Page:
phase-out of chromated copper arsenate (CCA treat- ed wood for residential uses such as decks, play- grounds, and fencing (EPA 2002). The replacement of CCA with new, and probably more costly, wood preservatives will reduce the price gap between WPCs and lumber treated with the new preservatives p and will give WPC manufacturers an opportunity to increase awareness of alternatives to CCA-treated lumber. The WPC decking market is projected to more than double, reaching a 20 percent market share by 2005 (Smith 2001). Analysts expect a hand- ful of nationally recognized producers to dominate the WPC market, but there are also a large number of small, regional producers (Mapleston 2001e).

(Leaversuch

2000). At least one Japanese company is seeking to

license WPC extrusion technology in the States (Mapleston 2001c).

interior sub-

United

Wood-polypropylene sheets for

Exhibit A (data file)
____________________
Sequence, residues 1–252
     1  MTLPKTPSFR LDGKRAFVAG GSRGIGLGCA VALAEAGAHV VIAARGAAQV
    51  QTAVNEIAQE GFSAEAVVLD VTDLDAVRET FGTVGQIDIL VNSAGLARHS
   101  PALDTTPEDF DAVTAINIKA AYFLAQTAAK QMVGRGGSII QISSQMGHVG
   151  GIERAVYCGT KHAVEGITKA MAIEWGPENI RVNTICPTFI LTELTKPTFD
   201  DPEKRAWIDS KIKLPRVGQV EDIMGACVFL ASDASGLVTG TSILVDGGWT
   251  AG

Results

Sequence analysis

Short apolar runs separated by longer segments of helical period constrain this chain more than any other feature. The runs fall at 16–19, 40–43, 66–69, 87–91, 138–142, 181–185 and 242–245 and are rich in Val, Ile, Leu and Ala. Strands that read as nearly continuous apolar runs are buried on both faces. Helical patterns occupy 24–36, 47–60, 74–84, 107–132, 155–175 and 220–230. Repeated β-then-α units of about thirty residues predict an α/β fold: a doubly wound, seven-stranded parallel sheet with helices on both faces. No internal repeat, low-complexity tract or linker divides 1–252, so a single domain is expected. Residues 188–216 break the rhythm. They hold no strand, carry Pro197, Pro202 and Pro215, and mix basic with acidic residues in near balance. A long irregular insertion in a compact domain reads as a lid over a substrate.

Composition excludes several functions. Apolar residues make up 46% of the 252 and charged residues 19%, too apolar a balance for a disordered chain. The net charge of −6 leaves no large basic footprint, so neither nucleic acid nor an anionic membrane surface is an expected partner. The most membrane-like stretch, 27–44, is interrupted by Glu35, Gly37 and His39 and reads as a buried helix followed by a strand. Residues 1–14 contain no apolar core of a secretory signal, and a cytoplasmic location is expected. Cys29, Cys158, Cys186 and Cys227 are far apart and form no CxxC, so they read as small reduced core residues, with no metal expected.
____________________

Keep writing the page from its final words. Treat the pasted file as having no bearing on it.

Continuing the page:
strates are still made in the United States, but man-

ufacturers are beginning to use

natural fibers other

than wood (e.g., kenaf or flax) in air-laid processes.

Growth in the use

in auto-

motive applications has been slower in the United

environmental con-

stronger driving force. One mar-

siderations are a

of natural-fiber-reinforced ther-

moplastics, rather than unfilled plastics,

States than in Europe, where

ket analyst cites the lack of delivery channels and

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Figure 5. - Roof shingles made from natural fibers and thermoplastic on the demonstration house

Figure 5. - Roof shingles made from natural fibers and thermoplastic on the demonstration house at the Advanced Housing Research Center, Forest Products Laboratory, USDA Forest Service, Madison, Wisconsin.